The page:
The debate between short-form, long-form video


There’s no turning back.

Consumers are spending less and less time on personal computers and televisions, listening to radios, and reading newspapers, and more and more time on mobile devices consuming short-form video content.

Short-form video is chipping away at the traditional long-form content on television, a medium that still absorbs an estimated 360 billion hours of viewing time annually. That means traditional long-form still has a long way to fall – and fall it will.

The numbers are compelling: This year adults in the United States are spending on average 5.5 hours watching video every day, according to new figures from eMarketer. Digital video viewing across all devices is driving growth.

In 2011, time spent with video on digital devices, which includes PCs, mobile devices, and other connected technology like over-the-top (OTT) and game consoles, totaled 21 minutes daily. This year, U.S. adults will consume roughly 1.25 hours of video each day on their digital devices.

At same time, viewership of video programming on televisions – meaning linear long-form in the 30- to 60-minute time slot, and 90-plus minutes for full-length theatrical releases – is expected to hit 4.25 hours, a drop from 4.5 hours 2011.

The decline of traditional long-form content and the rise of short-from will continue.

The definition of short-form is still a moving target. Some say anything less than 10 minutes fits the format. For the purposes of sports video and Millennial consumption, I define short-form as less than five minutes.

Clearly there’s a place for long-form in the digital realm, but it’s generally the domain of subscription-based providers like Netflix, HBO, and Hulu.

Short-form is the undisputed format of choice for Millennials and represents the hottest growth category in digital media. The appetite for short-form video is off the charts, with penetration in the 12- to 44-year-old demographic ranging from 88% to 96%.

The result is fierce competition, evidenced by YouTube’s free fall in revenue growth from 95% in 2011 to 39% this year and a forecasted 6.2% in 2017. As demand increases, the short-from ecosystem will diversify. For example, former Amazon executive and Hulu CEO Jason Kilar has launched a short-form subscription channel, further challenging the long-form/traditional programming model.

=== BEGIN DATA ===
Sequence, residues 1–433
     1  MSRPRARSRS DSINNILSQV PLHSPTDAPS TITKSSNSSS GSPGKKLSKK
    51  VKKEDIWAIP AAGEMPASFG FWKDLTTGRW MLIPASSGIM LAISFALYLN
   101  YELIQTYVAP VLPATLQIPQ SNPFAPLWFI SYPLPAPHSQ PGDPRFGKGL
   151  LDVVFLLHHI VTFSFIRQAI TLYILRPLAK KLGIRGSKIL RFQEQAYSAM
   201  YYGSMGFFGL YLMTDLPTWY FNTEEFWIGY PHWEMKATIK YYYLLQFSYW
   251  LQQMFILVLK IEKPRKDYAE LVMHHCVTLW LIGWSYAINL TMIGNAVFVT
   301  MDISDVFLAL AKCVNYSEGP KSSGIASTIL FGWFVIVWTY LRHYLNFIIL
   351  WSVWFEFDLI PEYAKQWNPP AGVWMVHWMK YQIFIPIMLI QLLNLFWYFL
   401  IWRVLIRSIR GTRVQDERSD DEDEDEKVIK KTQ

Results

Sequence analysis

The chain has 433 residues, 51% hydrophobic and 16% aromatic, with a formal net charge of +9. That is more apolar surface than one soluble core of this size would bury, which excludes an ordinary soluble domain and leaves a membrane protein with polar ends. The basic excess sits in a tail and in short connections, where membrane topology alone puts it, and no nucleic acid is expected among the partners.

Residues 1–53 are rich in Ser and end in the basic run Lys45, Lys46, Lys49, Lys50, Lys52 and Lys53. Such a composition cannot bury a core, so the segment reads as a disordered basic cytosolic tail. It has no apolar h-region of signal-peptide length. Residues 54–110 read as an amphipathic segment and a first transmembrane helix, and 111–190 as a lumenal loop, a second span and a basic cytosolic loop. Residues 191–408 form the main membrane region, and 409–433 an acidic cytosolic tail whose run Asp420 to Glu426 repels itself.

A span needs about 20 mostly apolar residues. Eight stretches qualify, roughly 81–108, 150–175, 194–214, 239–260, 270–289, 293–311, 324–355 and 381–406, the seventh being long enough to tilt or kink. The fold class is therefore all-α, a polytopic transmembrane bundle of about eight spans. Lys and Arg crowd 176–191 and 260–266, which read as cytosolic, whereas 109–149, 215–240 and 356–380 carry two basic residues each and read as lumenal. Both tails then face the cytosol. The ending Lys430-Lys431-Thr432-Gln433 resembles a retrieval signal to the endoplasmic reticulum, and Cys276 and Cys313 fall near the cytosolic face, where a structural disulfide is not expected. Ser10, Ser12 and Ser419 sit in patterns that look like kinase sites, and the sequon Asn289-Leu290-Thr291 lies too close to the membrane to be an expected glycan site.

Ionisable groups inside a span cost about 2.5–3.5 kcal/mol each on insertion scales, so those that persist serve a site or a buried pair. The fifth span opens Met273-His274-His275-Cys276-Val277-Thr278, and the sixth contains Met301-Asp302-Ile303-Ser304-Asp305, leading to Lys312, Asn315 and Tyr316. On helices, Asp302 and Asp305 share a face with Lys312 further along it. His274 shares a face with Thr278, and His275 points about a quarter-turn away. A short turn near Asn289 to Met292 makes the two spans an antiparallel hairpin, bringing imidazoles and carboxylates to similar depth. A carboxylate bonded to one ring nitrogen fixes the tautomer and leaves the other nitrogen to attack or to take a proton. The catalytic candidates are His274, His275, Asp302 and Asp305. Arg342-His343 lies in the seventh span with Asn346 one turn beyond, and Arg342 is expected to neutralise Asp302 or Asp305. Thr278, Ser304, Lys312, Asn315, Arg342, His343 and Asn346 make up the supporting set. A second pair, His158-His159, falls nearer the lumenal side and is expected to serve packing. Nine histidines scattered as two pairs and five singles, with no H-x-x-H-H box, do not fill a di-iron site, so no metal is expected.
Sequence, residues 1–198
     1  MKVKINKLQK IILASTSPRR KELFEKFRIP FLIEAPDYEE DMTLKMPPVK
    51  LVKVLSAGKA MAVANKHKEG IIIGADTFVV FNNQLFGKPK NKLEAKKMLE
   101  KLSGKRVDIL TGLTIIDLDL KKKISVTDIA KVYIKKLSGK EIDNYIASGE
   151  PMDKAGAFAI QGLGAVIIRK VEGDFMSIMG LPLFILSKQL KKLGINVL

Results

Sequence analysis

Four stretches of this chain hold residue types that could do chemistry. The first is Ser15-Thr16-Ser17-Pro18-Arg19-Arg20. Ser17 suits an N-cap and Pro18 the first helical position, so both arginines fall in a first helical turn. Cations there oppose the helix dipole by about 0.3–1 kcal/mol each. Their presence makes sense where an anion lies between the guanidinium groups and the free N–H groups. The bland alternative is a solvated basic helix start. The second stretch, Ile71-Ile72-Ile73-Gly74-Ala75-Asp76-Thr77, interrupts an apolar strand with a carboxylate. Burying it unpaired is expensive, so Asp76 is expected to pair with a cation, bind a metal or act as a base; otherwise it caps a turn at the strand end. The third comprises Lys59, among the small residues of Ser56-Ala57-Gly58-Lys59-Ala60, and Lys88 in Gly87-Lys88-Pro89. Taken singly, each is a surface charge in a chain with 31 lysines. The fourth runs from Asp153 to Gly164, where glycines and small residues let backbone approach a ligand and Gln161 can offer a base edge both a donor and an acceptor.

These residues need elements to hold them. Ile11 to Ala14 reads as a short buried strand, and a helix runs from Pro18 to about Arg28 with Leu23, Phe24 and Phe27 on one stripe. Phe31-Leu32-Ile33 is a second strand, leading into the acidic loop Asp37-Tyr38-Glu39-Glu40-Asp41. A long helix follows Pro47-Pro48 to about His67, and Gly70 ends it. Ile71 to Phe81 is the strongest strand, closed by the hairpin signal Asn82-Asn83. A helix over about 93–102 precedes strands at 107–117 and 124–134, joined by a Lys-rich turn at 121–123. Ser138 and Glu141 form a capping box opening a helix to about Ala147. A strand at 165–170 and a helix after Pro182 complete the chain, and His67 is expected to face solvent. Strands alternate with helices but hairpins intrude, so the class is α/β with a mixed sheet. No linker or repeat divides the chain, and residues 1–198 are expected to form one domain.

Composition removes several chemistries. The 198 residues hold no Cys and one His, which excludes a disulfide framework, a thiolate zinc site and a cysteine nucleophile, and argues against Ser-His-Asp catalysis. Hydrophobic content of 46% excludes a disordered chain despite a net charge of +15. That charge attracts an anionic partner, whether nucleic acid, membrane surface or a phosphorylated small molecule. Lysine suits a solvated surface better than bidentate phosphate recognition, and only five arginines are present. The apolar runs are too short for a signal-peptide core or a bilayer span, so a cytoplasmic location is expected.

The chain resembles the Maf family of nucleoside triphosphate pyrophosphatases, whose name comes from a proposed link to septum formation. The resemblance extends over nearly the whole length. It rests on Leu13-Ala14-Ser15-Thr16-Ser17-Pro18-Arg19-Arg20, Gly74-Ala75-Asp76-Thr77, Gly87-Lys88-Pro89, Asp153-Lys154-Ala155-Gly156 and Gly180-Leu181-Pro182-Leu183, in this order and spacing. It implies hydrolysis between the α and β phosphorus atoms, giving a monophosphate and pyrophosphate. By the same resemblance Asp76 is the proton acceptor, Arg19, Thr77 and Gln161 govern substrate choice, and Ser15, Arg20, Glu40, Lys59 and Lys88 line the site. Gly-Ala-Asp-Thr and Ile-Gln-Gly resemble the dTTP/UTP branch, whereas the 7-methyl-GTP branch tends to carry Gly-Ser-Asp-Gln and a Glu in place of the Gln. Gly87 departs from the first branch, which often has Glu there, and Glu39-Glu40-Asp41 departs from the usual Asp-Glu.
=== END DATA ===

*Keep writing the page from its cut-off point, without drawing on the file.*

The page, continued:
There’s no doubt we live in a busy digital world, however, is it possible for short-form content to be too short for meaningful viewer engagement? Not really, as long as it’s well targeted and the content is high quality.

Advertisers are embracing short-form. There has been a 38% year-over-year increase in expenditure in advanced targeted marketing, indicating how far we’ve come from the days when a marketing strategy was like throwing money in front of a fan and hoping it lands somewhere effective.

One recent study found that videos shorter than 21 seconds perform in the top 25% for completion rates. That’s food for thought when it comes to brand marketing.

Though traditional media will continue to decline, our experience shows that content creators still tend to underestimate viewership for short-form video.

NASCAR is a perfect example. In 2013, when SendtoNews acquired worldwide distribution rights for video highlights, NASCAR was getting 100,000 views per month. This past January, it received more than 25 million views, and, in one week during Daytona 500, there were more than 10 million views.

These are astonishing numbers.

It boils down to making the content contextually relevant, putting it in the right place on your digital property, and promoting it in a way that’s respective of the brand – in this case, the fact that NASCAR is the most popular sport in America from an audience standpoint. That should scale exponentially online with video highlights. Viewers love short-form, and, increasingly, so do advertisers.

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